Picture below shows how hill ranges have been broken by a fracture system, resulting in isolated pinnacles.

And here is a picture of Chavand.

Recently my friend Vivek Kale and colleagues complied some very interesting geomorphologic, structural and sedimentology data to suggest that these western uplands have experience some tectonic movements during Quaternary times (past 2.58 million years). They emphasize that the Deccan plateau and Western Upland should not be regarded as a monolithic stable crust block. They point to three major fracture systems (F1, F5, F7 in the map below) which have segmented this part of the western upland. The central segment, i.e. the area north of Chavand, roughly between fracture systems F1 and F5 has moved up relative to the blocks to the north and south. The presence of sediments deposited in the Pravara river system and along F1 and some streams to the south  is evidence that the these blocks subsided somewhat, resulting in stretches of streams becoming sediment traps.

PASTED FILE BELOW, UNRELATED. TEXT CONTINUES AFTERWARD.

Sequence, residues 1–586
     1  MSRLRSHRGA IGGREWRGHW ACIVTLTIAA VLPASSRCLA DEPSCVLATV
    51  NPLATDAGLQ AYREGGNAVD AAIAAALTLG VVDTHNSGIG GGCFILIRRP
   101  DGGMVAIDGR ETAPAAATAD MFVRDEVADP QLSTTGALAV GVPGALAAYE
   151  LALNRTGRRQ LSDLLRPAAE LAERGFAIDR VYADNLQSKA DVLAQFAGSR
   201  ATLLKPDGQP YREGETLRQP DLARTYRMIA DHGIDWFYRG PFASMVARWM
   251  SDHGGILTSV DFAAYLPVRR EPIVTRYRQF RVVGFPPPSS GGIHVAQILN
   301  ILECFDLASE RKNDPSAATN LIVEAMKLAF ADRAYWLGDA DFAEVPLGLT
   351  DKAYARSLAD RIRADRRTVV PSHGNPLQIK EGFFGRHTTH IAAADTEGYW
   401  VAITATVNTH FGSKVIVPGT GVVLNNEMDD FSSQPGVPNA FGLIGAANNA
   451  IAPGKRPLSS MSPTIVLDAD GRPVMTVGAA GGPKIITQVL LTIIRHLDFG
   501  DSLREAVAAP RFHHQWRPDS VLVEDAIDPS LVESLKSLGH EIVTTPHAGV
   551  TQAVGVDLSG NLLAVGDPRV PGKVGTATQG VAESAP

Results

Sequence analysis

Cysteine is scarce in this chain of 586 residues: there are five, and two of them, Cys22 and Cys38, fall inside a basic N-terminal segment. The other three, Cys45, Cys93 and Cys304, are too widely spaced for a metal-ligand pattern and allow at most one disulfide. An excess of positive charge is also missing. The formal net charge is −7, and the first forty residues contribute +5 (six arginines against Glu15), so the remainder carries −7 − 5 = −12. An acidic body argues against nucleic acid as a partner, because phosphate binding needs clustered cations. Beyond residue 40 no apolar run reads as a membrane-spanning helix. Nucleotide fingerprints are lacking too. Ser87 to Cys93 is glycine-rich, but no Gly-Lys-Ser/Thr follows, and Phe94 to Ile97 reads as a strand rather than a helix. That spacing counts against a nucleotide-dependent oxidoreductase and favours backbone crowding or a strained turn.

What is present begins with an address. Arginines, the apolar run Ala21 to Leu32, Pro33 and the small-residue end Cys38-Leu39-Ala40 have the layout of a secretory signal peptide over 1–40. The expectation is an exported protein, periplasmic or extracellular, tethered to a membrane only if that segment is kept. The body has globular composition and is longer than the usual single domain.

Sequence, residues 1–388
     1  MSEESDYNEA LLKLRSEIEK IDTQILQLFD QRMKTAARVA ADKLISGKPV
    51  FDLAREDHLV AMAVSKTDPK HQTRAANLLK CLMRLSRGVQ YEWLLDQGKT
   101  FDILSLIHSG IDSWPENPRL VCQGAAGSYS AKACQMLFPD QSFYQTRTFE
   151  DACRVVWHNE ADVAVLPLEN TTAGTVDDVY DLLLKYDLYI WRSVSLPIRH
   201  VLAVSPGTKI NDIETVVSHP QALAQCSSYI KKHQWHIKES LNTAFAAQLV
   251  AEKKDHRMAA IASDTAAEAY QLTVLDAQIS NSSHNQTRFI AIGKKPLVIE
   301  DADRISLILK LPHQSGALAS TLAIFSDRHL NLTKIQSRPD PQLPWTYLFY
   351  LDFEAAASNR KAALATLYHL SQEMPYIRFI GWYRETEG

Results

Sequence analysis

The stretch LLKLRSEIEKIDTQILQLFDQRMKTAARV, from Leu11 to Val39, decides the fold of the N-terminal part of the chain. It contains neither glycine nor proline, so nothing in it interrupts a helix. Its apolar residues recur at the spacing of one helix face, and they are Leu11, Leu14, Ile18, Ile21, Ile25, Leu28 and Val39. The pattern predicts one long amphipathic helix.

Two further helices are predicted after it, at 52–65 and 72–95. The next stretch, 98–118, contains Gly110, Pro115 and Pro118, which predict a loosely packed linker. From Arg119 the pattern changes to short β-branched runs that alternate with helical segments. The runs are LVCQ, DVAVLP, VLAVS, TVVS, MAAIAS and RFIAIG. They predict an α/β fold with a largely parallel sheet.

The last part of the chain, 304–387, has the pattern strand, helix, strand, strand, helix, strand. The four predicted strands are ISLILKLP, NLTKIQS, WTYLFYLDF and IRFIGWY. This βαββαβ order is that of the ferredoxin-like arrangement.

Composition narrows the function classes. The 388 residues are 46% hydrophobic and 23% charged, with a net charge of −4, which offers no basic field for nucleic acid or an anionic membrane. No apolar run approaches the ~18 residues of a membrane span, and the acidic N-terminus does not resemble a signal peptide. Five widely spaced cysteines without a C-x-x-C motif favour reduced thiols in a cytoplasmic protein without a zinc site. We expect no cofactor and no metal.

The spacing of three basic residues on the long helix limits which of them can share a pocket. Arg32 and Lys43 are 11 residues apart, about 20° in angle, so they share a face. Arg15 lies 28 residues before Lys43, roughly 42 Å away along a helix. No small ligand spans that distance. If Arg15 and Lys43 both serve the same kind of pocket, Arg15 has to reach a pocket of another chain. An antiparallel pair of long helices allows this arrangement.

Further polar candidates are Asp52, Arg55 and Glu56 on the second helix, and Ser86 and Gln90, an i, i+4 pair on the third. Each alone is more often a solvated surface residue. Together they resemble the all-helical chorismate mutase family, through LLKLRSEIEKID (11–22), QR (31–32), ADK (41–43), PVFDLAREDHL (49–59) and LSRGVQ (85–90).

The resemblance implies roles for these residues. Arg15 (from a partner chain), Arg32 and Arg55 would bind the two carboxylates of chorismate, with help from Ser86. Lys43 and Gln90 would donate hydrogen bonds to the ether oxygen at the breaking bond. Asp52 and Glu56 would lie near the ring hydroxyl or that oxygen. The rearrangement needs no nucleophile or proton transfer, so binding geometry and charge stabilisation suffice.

Source: Adapted in Kale et. al 2016 from Dole 2000, Dole et. al. 2002, Bondre 2006

These sediments represent deposition over the past 100,000 years or so. At some localities along the Mahalungi river, they have been deformed. Soft sediment deformation structures such as slumping, load structures and sand dykes have been recorded by Dole and colleagues. Such structures are evidence of ground shaking and sediment liquefaction and remobilization during earthquakes.  Also observed at one locality is reverse faulting. The faulting has been inferred to be of Holocene age, as recent as the past 10,000 years.